MJs greatest, favorite albums: "It's colossal!" Jul 1, 2007 10:47:26 GMT -5
Post by mightyjack on Jul 1, 2007 10:47:26 GMT -5
It's just sumpin to do - It's not definitive, there's a lot of great albums I've yet to hear.... and there's a lot of great band I don't like. So I wont pretend to match Rolling Stones top 500 list.
Make your own list if you wish or just comment on my silliness. Also, this isn't cast in iron, I'm flying by the seat of my pants with no preset list. I'm adding pics and brief comments, because I my mind always wanders on straight lists.
The Top 10
Note: Limited myself to 3 Beatles. Why, because it would just about be all Beatles if I didn't. Seriously.
#1 - Revolver, The Beatles
My favorite album of all. There's not a song I skip. Aside from the amazing production values and arrangements. The songwriting skills on display are genius. Paul shows great maturity and growth as a lyricist (Elinore Rigby is a masterpiece) and as usually, his command of chord structure is second to none. George has also reached a new level, he gives us a taste of India and Taxman is his first great composition. Ringo even gets a decent track this time out. Lennon, this is Lennon's peak. He wrote great songs in the past and he will do so in the future. But the next couple of years will be John at his best. His tunes act as callback to Rubber Soul (Dr. Robert, And Your Bird Can Sing) as well as looks to the Sgt. Pepper future (She Said, She Said and Tomorrow Never Knows)
#2 - Forever Changes, Love
Arthur Lee's brilliance would never again shine as bright. And that's a loss to music lovers. After the heavy electric of "Da Capo", Love returns with this lush, acoustic masterpiece. Lee has kind of a Johnny Mathis thing going on with his vocals and this style meshes perfectly with his singing. Lyrical it's a juxtaposition between light and dark.
"Andmoreagain" is one of the most beautiful tunes I've ever heard.
#3 - Rubber Soul, The Beatles
Boy I'm going through the Beatles quotient fast. Aside from the tolerable but not great Ringo song. This is perfect. No matter if you listen to the UK or US versions. The UK version opens with "Drive My Car", the US with the more appropriate, acoustic heavy "I Just Saw A Face" - IJSAF kind of disappeared on the "Help" LP. But as an album open it's pure gold and the tune really fits better on Soul. But even without this song, the UK version, which features "Nowhere Man" (not on the US version) is stunning.
No matter which version you have, Rubber Soul sits at the #3 spot.
#4 - Bringing it all Back Home, Bob Dylan
With so many great Dylan albums to pick from which one do I chose? I've always gravitated toward this one when I'm in the mood for some Bob. There's not a track I dislike and with favorites such as, Subterranean Homesick Blues, It's Alright Baby Blue and Tambourine Man, it like playing a greatest hits album anyway.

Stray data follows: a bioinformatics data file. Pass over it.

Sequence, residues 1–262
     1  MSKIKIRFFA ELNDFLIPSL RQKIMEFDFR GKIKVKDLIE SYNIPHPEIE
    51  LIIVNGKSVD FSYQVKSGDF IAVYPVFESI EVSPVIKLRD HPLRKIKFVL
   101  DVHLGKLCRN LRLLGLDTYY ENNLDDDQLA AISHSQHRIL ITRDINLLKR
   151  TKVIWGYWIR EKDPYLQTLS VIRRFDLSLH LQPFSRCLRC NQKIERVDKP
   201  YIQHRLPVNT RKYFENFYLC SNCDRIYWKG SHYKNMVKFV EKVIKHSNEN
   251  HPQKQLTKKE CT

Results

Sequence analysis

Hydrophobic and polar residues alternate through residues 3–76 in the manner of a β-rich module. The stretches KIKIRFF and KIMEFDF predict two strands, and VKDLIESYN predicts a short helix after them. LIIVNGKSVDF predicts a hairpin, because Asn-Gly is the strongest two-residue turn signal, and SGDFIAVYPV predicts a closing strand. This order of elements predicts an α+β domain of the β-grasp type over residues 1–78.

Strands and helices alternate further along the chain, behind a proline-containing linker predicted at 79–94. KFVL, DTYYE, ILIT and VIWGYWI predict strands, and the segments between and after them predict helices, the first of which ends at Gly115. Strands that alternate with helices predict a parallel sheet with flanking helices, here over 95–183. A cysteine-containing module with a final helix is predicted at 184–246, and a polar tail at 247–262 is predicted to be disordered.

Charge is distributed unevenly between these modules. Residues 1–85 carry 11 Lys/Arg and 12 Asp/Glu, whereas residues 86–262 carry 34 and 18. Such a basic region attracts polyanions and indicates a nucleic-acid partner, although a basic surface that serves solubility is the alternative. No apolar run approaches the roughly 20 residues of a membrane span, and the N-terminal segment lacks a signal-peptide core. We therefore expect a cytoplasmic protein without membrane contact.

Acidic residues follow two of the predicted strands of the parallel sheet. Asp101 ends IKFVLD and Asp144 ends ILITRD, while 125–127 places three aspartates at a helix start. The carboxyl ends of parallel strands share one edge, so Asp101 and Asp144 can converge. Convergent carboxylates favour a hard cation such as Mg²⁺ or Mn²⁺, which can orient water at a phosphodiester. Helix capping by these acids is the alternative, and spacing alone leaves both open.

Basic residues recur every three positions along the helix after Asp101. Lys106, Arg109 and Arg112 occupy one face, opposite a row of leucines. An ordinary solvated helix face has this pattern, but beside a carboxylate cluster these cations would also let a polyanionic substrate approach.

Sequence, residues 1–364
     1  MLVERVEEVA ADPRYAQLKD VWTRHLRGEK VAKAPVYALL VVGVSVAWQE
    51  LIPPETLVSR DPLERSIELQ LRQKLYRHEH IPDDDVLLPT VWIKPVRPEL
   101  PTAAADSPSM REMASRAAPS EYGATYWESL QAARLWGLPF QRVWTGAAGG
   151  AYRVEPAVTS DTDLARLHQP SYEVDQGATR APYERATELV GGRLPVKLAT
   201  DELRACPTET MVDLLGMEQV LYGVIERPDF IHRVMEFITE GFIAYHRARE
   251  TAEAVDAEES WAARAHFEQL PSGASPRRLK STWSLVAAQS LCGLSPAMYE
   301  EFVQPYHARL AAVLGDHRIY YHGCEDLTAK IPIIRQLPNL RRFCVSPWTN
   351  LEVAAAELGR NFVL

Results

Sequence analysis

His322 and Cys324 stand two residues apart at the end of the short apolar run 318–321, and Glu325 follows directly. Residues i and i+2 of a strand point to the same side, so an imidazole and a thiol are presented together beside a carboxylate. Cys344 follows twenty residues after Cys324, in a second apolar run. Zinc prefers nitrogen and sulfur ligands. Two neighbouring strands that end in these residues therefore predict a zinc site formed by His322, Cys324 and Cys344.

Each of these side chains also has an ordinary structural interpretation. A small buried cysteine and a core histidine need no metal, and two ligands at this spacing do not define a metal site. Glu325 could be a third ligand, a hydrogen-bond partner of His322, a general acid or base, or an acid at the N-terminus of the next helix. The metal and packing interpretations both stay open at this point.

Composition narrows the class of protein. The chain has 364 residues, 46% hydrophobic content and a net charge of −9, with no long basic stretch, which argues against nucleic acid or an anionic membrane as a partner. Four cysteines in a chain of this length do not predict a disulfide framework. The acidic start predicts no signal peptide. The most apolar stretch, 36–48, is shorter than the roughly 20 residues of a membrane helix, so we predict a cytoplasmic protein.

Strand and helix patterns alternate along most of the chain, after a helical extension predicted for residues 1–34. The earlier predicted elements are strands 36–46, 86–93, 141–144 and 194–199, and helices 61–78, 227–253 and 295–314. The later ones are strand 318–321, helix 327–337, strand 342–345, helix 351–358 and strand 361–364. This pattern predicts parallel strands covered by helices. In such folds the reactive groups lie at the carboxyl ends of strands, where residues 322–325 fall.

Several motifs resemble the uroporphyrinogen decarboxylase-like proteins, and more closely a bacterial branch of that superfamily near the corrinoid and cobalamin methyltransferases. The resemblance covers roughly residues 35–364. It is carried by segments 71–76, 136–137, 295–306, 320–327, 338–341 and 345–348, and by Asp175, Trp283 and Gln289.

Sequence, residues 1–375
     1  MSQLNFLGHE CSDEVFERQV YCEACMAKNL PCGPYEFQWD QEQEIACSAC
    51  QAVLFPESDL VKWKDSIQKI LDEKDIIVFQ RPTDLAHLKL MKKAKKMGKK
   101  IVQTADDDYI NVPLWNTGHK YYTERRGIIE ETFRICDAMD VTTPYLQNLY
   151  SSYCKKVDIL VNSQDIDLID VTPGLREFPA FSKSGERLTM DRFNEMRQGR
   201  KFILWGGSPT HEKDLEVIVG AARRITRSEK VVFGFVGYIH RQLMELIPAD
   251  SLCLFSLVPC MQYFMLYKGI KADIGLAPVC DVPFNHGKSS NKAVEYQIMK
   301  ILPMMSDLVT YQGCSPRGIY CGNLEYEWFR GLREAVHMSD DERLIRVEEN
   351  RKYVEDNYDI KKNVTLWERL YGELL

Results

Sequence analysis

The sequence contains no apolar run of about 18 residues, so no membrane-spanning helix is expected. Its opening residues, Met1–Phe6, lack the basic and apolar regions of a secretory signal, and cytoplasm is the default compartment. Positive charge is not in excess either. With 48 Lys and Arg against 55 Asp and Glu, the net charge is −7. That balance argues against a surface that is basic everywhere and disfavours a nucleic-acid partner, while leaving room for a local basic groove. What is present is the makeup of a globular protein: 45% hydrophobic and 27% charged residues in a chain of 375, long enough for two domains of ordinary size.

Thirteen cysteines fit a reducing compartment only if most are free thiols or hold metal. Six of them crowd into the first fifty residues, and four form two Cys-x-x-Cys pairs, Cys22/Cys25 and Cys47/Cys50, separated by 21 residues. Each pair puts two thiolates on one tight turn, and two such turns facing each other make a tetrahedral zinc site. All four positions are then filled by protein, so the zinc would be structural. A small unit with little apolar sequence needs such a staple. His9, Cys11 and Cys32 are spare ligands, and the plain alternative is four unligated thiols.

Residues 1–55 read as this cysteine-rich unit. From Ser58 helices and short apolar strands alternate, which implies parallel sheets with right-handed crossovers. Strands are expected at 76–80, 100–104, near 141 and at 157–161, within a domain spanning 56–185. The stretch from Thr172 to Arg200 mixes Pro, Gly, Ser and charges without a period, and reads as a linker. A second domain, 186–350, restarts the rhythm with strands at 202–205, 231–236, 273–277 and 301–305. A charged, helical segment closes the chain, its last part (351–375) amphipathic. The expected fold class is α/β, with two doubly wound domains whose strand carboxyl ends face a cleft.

#5 - Security, Peter Gabriel
Most people go with "So" as their favorite Gabriel album. But this one, his 4th and first great LP, is my favorite. "Shock the Monkey" put Peter on the commercial map, but "The Rhythm Of The Heat" (based on writings by Carl Jung) is what knocks me out.
It opens the album. Quietly, there's something ominous in the sound. Then it builds and builds until my speakers shake as if they were filled with the sound of thunder.
It ends and I'm exhausted.
Sweeping, epic, with frightening and disturbing elements threading itself throughout the entire production (even the covers scary looking). "Lay Your Hands On Me" is another powerhouse number, with it's nightmarish sound scape and expressive lyrics.
#6 - Are You Experienced, The Jimi Hendrix Experience
The CD era has changed some of our albums, some for the bad (The 2 bonus tracks don't belong on "Plastic Ono Band") some for the good (The Who Sells Out) - Adding the singles and B sides makes this an even better listen than it was. A lot of the greatest, familiar tunes are here (Purple Haze, Hey Joe, Foxey lady, Wind Cried Mary) but there is so much more to enjoy. The unique drums and deft bass lines add layers to Jimi's smooth guitar work. Blues and psychedelic rock collide brilliantly and even lesser tunes have something to offer ("Remember" features some of Jimi's best vocals, for example)
#7 - Abbey Road, The Beatles
And there goes my last Beatles for the top 10. lol - The first side has some great number (Come Together, Something) but it's side two, which make this a wonder to listen to.
A lot of it is simply, short, unfinished tunes that wouldn't stand alone on their own as brilliant songs. But stitched together in this wonderful tapestry, even the lesser track become greater for being part of the whole.
Also features the Beatles swapping solos on "The End" - Jiminy, thinks MJ, those guys could rock. I wished they'd have unleashed that side of themselves more often.
#8 - Plastic Ono Band, John Lennon
Lennon striped down bare, raw, often hard to listen to. The lyrics are direct and spars as is the music. But the expressive voice bleeds with so much pain that it's all the expression the songs need.
#9 Highway 61 Revisited, Bob Dylan
There's not a bad track on this one. And lyrically Dylan breaks the rules, hell he rewrites them and it works. The surreal imagery in his words inspired the likes of the 13th Floor Elevators and helped bring forth the birth of the psychedelic movement.
#10 - Pinkerton, Weezer
Number 10 is so tough, man who do I select from so many great choices. I went with Pinkerton. I like the power pop, coupled with personal lyrics which twist and turn, embracing humor without become self parody. It's a fine line River's has of yet been able to pull off again. Musically it's a strange mix of chaos and order.
I loved this from the start and was surprised to learn that at first, it was critically panned. It has quickly emerged from this cloud to become one of the bands most respected productions.